Specialty Grouting

Mays Construction Specialties, Inc. uses various grouting systems and materials for many purposes, including raising and stabilizing structures, stopping soil and foundational settlement, improving ground stability, reducing water seepage, soil stabilization and shoring, and cut-off walls.

Compaction Grouting

Compaction grouting is the high-pressure injection of a thick immobile grout into subsurface soils. Because of high grout viscosity, the grout expands radially as a homogenous bulb from the injection point instead of permeating into the soil pores. Compaction grouting is suitable for reducing the potential for soil liquefaction, for arresting foundational settlement, and for lifting and leveling structures.

Permeation Grouts

Permeation grouts are placed into the soil void spaces by low and high-pressure injection through boreholes. A stabilizer can be added to the grout controls set time. The grout bonds with the soil particles, producing a composite with higher shear and compressive strengths than the un-grouted formation. Permeation grouting does not use mechanical means to restructure the soil in the process. The soil structure remains relatively undisturbed. Consequently, the operation creates minimal ground disturbances and better ensures against adverse deformation and damage to the ground formation.

Annular Space Grouting

Annular Space Grouting is process of filling the space between a host pipe or box culvert and a new liner pipe or conduit that has been pre-installed, better known as “slip lining”. Many state and federal transportation projects have been done utilizing this trenchless method with time and cost savings.

Polyurethane Injection

Polyurethane injection is most commonly used for water control by injection into cracks or joints to form a gasket, and by injection through a structure to form a barrier between structure and soil, or by injection into the soil to consolidate the soil into a monolithic, impermeable barrier.

Polyurethane resins or grouts form gels, foams or solids, and are hydrophilic or hydrophobic. They are very stable, and have good resistance to acids and alkalis. Life expectancy of polyurethanes can be measured in one to two decades. These resins have many desirable qualities, such as expansiveness, adherence to wet or dry surfaces, controllable set times, a tenacious bonding ability, chemical resistance, and are reacted by the very water that you may be trying to stop.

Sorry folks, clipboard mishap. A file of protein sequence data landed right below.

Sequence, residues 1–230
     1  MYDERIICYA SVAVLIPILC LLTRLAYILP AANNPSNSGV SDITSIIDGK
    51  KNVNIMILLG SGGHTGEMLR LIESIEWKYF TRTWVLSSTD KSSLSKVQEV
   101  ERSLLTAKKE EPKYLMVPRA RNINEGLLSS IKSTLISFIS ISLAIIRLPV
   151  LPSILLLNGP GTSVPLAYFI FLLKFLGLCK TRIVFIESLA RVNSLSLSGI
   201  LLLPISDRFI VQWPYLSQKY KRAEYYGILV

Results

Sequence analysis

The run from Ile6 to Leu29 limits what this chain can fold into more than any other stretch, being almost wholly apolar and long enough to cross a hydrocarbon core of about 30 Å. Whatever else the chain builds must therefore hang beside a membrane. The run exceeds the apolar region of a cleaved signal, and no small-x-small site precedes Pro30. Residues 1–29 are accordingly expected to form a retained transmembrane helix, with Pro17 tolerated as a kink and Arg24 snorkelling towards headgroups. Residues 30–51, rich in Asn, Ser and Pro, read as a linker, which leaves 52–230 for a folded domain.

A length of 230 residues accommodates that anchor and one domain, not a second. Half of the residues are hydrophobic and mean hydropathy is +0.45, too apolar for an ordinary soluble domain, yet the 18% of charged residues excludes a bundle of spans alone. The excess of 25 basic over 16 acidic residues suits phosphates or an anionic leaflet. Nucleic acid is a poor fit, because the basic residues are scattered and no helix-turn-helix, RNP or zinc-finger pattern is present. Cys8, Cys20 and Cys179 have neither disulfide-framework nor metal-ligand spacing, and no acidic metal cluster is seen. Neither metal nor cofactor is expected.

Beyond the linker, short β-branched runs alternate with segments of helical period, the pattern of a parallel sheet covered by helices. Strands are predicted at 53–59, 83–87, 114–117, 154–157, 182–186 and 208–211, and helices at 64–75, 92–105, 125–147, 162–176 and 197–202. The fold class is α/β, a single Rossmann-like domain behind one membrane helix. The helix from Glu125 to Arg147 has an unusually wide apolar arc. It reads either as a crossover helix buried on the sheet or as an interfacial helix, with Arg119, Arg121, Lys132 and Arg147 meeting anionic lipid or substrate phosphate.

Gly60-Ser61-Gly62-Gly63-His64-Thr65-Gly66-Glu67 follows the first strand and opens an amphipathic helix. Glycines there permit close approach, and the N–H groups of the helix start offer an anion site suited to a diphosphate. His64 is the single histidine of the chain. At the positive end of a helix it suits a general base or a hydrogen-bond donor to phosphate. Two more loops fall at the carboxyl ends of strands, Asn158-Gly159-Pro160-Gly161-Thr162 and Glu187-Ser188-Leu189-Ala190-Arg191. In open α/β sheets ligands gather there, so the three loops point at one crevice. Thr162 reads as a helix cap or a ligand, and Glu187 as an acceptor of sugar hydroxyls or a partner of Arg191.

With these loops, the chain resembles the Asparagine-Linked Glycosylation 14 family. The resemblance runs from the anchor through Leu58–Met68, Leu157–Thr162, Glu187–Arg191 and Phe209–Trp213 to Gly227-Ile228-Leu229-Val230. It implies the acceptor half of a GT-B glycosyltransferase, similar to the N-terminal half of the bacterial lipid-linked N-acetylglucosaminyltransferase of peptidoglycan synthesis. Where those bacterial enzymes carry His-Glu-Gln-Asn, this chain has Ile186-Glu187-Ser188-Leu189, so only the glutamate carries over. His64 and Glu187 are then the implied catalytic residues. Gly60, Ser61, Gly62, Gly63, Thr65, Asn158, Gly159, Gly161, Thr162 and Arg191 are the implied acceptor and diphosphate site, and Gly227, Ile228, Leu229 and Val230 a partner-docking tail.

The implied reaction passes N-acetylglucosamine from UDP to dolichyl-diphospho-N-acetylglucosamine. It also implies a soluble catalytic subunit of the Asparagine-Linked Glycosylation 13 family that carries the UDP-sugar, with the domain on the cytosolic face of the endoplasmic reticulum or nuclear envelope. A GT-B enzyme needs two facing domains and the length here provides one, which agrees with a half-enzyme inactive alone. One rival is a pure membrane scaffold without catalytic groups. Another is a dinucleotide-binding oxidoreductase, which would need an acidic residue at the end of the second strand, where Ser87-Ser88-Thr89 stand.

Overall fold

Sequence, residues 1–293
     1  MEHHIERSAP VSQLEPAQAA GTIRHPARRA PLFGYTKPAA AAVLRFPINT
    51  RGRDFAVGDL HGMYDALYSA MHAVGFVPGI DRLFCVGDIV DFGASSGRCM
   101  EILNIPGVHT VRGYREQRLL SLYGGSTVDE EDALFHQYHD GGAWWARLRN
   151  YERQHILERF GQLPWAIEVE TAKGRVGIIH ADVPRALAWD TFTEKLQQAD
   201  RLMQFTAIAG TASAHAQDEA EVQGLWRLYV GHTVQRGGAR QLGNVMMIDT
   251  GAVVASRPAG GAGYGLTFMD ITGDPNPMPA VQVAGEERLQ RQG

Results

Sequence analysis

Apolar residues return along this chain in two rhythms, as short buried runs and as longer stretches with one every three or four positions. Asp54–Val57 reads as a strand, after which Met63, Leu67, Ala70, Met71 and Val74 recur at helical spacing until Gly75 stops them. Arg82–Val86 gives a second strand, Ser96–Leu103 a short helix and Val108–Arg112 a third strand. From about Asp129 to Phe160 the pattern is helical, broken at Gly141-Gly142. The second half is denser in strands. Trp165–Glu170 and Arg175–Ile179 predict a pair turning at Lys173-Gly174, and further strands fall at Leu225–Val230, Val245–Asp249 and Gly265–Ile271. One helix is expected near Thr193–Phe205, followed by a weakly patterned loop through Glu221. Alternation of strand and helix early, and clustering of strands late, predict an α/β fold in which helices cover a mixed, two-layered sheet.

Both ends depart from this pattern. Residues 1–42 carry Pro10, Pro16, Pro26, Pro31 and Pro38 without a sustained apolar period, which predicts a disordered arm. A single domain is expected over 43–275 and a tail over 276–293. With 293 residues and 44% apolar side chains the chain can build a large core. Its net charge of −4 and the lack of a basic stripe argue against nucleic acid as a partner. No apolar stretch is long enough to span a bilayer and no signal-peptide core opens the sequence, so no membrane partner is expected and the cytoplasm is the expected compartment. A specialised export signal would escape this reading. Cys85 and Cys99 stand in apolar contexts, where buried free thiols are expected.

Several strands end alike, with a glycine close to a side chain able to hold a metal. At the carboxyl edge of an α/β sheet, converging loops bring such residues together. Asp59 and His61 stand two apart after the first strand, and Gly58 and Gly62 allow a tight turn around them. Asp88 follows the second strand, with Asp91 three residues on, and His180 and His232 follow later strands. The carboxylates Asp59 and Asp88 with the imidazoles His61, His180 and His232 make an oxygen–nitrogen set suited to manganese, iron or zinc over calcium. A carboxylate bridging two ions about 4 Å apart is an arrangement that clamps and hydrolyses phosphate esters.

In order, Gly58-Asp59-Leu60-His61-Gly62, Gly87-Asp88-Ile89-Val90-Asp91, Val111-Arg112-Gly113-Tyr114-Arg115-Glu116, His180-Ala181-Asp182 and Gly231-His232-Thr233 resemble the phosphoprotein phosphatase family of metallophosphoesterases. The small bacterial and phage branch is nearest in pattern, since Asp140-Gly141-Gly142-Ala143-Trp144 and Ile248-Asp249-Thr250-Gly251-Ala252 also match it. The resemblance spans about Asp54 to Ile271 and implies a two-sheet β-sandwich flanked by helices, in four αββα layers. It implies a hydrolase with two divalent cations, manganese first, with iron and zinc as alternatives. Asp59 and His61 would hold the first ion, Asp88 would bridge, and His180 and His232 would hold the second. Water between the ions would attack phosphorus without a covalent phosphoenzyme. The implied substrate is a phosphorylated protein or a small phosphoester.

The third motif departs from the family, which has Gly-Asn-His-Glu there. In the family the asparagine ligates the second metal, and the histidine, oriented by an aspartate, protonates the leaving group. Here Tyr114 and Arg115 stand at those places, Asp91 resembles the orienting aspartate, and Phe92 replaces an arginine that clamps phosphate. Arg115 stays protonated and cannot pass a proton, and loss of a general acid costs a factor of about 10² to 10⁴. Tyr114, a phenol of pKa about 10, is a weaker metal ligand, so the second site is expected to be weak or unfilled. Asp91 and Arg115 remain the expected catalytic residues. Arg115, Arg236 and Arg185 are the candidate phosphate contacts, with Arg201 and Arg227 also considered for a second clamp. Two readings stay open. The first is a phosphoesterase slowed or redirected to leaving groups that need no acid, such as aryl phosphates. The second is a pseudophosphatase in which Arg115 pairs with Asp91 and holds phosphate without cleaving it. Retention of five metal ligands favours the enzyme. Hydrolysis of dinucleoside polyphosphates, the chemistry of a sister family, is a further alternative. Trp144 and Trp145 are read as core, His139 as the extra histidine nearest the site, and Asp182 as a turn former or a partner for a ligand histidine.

MCSI has been using polyurethane resins since the late 90’s, and in many different types of applications, including soil stabilization and injection into rock strata, dams, water tanks, water treatment plants, pools, and basements.

Chemical Grouts

Chemical grouts constitute the other branch of permeation grouts. Like the cement grouts, the chemical grouts enter the soil by penetration. However, chemical grouts can penetrate into finer grained soils otherwise inaccessible to cement grouts. The primary design objectives of chemical grouts are ground improvement and water seepage retardation.

Cement Grouts

Cement grouts contain water and Type I or Type II Portland cement. Cement grout properties are variable. They can be altered by using other cement types, such as Type III (high early strength), Type IV (low heat of reaction), or Type V (resistance to chemical attack). Varying the water to cement ratio changes the grout’s bleeding rate, subsequent plasticity, and ultimate strength.

Mixing in an additive, such as bentonite, sodium silicate (a chemical grout), dispersants, retarders, and accelerators, will also alter grout properties and can be engineered for a specific desired goal.


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